Reviews, Video

Add visual interest to images and video with Tiffen Dfx 4 digital filters

Tiffen Dfx 4

Tiffen is renown for their physical filters and gels, but they also have a nice portfolio of digital products. I tested the complete Tiffen Dfx 4 digital filter suite for video and photo. The complete Dfx 4 package comes as a stand-alone app and plug-in for Adobe, Apple and Avid NLEs, and for Adobe’s image editing apps as well as Apple’s Aperture. It is the only plug-in package that replicates Tiffen optical filtering, Rosco and Gam gobos and gels, and now also hundreds of photographic film stocks. It is a quite complete toolkit for photographers and cinematographers alike.

I concentrated on the new features of Tiffen Dfx 4. These include OFX plug-in support for apps like DaVinci Resolve and Nuke, Sony Vegas and DaVinci Resolve Lite. Dfx 4 has 12 new filters: Borders, Cartoon, Colorize Gradient, Detail, Develop, Grunge, Harris Shutter, Pastel, Pearlescent, Radial Tint, Satin and Tone Adjust. It now has 93 historical film processes and 30 motion picture film stocks added as new presets within the film stocks filter.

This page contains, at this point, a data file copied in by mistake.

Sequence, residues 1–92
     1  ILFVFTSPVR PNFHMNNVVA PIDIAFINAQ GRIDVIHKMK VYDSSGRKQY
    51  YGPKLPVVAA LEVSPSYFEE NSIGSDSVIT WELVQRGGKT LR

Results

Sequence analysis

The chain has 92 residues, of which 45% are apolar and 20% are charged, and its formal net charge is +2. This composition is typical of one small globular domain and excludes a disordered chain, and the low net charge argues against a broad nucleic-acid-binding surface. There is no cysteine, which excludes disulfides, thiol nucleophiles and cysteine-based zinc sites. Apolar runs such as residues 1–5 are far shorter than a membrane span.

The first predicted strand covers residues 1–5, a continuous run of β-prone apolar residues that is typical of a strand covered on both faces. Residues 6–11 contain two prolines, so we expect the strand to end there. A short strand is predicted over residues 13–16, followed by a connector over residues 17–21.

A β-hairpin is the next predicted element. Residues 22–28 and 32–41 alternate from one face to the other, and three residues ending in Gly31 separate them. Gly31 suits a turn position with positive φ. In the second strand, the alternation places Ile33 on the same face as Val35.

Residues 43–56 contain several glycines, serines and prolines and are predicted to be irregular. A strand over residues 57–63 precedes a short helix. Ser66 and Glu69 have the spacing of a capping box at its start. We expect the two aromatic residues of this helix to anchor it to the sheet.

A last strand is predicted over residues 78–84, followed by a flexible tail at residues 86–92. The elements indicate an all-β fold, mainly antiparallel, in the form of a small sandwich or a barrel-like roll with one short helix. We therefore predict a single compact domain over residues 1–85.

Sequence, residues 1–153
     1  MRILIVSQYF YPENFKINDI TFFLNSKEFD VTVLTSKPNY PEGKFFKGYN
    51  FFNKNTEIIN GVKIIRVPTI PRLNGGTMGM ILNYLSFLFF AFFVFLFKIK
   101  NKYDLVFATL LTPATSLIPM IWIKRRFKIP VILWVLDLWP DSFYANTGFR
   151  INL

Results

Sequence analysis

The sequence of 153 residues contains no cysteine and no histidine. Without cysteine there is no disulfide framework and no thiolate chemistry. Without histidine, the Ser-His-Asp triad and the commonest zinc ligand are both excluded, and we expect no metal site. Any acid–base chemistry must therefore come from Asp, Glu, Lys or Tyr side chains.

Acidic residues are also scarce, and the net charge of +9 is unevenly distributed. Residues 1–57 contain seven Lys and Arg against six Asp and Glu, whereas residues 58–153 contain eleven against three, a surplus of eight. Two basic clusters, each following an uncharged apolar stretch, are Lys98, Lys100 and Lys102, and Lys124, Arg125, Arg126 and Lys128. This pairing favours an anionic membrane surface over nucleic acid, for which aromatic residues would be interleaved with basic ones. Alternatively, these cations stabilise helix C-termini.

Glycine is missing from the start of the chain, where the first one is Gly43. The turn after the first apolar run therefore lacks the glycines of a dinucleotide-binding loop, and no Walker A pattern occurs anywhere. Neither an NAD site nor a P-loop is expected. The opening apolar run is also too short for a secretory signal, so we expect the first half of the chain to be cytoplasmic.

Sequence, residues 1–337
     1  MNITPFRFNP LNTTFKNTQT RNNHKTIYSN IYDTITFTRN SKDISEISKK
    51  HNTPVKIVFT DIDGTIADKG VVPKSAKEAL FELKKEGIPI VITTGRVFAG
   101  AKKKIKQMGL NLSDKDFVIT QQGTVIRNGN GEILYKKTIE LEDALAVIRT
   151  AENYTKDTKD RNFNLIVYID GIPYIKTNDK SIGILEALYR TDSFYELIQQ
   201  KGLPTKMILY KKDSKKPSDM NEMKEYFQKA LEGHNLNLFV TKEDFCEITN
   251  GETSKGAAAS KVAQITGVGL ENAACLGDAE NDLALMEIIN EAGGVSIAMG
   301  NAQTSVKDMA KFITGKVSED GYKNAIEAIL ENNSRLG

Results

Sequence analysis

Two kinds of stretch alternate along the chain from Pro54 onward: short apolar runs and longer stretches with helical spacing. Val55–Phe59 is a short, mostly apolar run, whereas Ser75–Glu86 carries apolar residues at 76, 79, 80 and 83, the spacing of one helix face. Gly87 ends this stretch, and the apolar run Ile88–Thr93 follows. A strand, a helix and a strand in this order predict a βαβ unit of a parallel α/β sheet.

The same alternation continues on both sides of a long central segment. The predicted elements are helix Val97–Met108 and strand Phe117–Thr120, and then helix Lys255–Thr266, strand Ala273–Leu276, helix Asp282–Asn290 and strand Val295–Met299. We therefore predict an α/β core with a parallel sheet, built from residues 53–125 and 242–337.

Tiffen Dfx 4

More parameters and tools have been added to presets, including new tools for colour correction, tint enhancement and gradient control, all accessible from within a much improved interface with bigger previews and Mac Retina display support. Processing takes place in 32-bit floating point precision, which improves upon the ability to selectively access your image’s dynamic range without clipping values in a true non-destructive workflow.

A new edge-aware smoothing algorithm has been added to some filters for refined control and application and a new Curve Tool has been added for still programs, which is designed to control tonal range through RGB and individual red, green and blue curves.